Dostarlimab in msi-h/dmmr colorectal cancer

The results of a study recently published in the New England Journal of Medicine, PD-1 blockade in locally advanced rectal cancer with mismatch repair deficiency, stunned the world. A complete response to therapy was achieved in all patients treated with the PD-1 blocker dostarlimab in the study.

Even during the follow-up period (between 6 and 25 months), it was not possible to detect any recurrence or progression using magnetic resonance imaging (MRI) and endoscopic examinations [1]

Study objective and implementation

The aim of the study is to investigate the overall response to treatment with the PD-1 inhibitor dostarlimab alone or in combination with chemotherapy and radiotherapy. The assessment is divided into the categories "complete remission", "partial remission" and "stable disease". According to the design of the study, categorization as complete remission requires endoscopic control and MRI of the rectal area.

A total of 30 participants with stage I and II dMMR colorectal cancer are to be treated with dostarlimab in the current phase II study. With the exception of one patient, the lymph nodes are already affected in all participants. Of the 18 patients enrolled in the study so far, with an average age of 54, 78% already have tumor stage T3 or T4. All patients had wild-type dMMR and BRAF V600E tumors; the average tumor mutation burden was 67 mutations per million bases. In addition, most of the participants suffered from large extensive tumors. Standard treatment for most would be a combination of surgery, chemotherapy and radiation.

Study participants will receive intravenous treatment with 500 mg of the antibody dostarlimab every three weeks for six months. The current state of the disease is continuously monitored by imaging and endoscopic examinations. If complete remission is not observed in study participants, chemotherapy or radiation therapy and, if the disease progresses, surgery should be performed. However, this case did not occur in previous participants, as complete remission was observed in all cases with dostarlimab administration. [1]

study evaluation

With 60,000 new cases and 25,000 deaths in Germany each year, colorectal cancer is one of the most common types of cancer. [2] A diagnosis of colorectal cancer affects more than 1.9 million people worldwide. But only 12 to 15% of these rectal cancers are classified as dMMR by biomarker status. Defective DNA mismatch repair is referred to as dMMR (deficient MMR), which causes the accumulation of mismatch errors. As a result, microsatellites begin to have different lengths. Statistically, this particular form of colorectal cancer is more likely to affect patients with poorly differentiated and/or mucinous right-sided adenocarcinoma. [3] The rate of patients with MSI-H is also very low, 2%. have patients with MSI-H/dMMR status. According to current studies, the prognosis is good in the early stages, but if metastases have already formed, the prognosis is rather poor. [4] However, in this small target group with MSI-H/dMMR, checkpoint inhibition can be considered very effective.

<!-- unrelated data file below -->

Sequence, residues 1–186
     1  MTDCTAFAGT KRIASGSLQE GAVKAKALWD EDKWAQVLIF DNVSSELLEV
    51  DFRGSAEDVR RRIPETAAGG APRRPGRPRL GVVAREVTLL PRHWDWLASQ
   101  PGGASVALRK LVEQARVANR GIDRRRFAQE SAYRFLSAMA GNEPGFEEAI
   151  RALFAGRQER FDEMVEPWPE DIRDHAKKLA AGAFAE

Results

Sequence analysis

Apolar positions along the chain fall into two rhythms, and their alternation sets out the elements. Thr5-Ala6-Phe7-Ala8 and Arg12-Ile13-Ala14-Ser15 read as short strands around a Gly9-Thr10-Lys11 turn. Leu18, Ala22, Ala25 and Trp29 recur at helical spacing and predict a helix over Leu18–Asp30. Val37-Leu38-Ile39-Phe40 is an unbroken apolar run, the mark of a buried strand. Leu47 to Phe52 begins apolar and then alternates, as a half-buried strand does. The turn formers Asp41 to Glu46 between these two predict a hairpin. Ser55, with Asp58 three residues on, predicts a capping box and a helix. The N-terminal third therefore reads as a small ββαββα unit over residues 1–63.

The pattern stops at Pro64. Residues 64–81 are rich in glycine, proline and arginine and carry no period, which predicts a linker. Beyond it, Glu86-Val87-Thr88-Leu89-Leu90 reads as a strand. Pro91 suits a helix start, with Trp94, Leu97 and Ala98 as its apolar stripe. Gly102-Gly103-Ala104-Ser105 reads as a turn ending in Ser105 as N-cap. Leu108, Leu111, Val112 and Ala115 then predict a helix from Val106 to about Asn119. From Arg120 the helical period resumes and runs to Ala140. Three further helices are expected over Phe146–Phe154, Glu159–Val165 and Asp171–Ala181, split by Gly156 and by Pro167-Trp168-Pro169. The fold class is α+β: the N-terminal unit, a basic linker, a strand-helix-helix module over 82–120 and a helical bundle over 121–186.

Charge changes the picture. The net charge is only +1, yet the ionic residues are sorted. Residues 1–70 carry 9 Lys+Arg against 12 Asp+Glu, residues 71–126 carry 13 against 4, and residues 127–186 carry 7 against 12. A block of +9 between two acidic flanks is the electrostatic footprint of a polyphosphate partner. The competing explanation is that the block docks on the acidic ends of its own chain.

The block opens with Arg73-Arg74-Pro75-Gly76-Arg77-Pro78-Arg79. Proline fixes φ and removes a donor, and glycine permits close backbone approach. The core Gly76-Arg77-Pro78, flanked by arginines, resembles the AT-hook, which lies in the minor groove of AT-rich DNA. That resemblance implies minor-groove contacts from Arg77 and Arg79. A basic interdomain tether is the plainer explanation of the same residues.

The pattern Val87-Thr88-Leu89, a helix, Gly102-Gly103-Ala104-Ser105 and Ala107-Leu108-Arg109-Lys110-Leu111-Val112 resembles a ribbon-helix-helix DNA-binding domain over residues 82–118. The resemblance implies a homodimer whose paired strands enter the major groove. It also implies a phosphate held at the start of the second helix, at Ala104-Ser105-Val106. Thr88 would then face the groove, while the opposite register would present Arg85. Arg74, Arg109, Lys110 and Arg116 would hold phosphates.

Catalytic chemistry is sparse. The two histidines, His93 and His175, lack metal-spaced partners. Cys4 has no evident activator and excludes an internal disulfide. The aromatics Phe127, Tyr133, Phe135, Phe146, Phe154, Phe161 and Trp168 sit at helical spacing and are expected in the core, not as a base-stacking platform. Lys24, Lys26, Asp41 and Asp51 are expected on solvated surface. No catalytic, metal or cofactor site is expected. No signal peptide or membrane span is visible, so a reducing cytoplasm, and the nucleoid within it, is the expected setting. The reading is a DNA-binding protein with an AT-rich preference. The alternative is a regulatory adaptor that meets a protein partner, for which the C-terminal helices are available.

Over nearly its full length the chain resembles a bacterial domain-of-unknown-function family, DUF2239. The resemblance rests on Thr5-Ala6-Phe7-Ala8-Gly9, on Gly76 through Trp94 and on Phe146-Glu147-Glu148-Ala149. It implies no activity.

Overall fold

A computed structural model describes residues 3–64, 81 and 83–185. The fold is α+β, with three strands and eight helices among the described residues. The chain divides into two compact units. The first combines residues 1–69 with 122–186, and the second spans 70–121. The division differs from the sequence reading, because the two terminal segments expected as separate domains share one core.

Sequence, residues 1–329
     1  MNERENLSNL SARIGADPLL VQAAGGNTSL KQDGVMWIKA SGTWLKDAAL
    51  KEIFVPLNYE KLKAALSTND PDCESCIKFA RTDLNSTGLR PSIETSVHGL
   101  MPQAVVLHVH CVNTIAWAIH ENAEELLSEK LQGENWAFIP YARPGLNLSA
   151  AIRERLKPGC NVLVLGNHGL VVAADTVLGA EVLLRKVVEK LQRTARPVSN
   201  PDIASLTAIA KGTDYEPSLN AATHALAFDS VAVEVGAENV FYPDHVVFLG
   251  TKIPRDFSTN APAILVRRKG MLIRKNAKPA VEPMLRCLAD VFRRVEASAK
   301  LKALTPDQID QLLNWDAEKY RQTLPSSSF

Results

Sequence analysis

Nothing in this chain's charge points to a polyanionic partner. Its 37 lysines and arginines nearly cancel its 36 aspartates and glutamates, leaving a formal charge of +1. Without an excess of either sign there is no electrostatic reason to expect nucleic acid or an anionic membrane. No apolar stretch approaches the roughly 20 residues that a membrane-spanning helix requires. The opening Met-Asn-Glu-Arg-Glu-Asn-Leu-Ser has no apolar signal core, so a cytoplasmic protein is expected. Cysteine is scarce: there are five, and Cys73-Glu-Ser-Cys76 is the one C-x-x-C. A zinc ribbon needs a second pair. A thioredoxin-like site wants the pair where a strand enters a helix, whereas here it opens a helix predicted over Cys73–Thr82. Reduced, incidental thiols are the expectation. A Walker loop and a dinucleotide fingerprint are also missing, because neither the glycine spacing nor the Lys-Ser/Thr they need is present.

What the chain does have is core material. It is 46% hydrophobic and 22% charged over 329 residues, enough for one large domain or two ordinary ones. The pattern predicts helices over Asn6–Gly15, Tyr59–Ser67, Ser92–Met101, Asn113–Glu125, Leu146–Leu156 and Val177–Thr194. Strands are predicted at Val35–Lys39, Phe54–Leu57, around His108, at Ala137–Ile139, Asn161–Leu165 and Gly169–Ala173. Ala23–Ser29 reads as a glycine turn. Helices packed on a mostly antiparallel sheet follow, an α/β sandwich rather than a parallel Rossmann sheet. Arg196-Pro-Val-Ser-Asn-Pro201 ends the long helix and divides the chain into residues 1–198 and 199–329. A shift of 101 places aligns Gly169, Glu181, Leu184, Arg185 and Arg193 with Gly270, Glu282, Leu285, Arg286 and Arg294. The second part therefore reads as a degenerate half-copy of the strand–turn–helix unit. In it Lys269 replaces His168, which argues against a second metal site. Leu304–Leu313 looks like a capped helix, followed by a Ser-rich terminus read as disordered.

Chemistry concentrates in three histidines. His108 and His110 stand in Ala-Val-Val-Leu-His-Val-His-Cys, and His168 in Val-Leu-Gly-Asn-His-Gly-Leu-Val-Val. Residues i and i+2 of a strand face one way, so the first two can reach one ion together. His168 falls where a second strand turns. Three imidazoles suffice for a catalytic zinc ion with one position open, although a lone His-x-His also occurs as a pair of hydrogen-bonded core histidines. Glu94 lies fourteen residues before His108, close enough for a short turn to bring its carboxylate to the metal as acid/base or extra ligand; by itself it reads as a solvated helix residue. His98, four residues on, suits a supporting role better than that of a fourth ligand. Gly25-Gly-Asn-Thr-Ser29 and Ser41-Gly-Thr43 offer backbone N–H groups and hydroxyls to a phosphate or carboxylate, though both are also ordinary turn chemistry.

Whether PD-1 inhibition can replace chemotherapy or a combination of chemotherapy and radiotherapy in future and targeted therapies cannot yet be said with certainty. Here, further studies are absolutely necessary, especially with follow-up over a longer period. Nevertheless, the results published so far are very impressive and show that cancer patients can greatly benefit from personalized and targeted therapy.


  • [1] Andrea Cercek, M.D., Melissa Lumish, M.D., Jenna Sinopoli, N.P., Jill Weiss, B.A., Jinru Shia, M.D., Michelle Lamendola-Essel, D.H.Sc., Imane H. El Dika, M.D., Neil Segal, M.D., Marina Shcherba, M.D., Ryan Sugarman, M.D., Ph.D., Zsofia Stadler, M.D., Rona Yaeger, M.D., et al.: PD-1 Blockade in Mismatch Repair–Deficient, Locally Advanced Rectal Cancer. The New England Journal of Medicine 2022; 10.1056/NEJMoa2201445 NEJM
  • [2] Bray F, Ferlay J, Soerjomataram I, Siegel RL, Torre LA, Jemal A: Global cancer statistics 2018: GLOBOCAN estimates of incidence and mortality worldwide for 36 cancers in 185 countries. CA Cancer J Clin 2018; 68: 394–424 PubMed
  • [3] Overman MJ, McDermott R, Leach JL, Lonardi S, Lenz HJ, Morse MA, et al. Nivolumab in Patients With Metastatic DNA Mismatch Repair-Deficient or Microsatellite Instability-High Colorectal Cancer (CheckMate 142): An Open-Label, Multicentre, Phase 2 Study. Lancet Oncol (2017) 18(9):1182–91. doi: 10.1016/S1470-2045(17)30422-9 PubMed
  • [4] Gelsomino F, Barbolini M, Spallanzani A, Pugliese G, Cascinu S. The Evolving Role of Microsatellite Instability in Colorectal Cancer: A Review. Cancer Treat Rev (2016) 51:19–26. doi: 10.1016/j.ctrv.2016.10.005 PubMed



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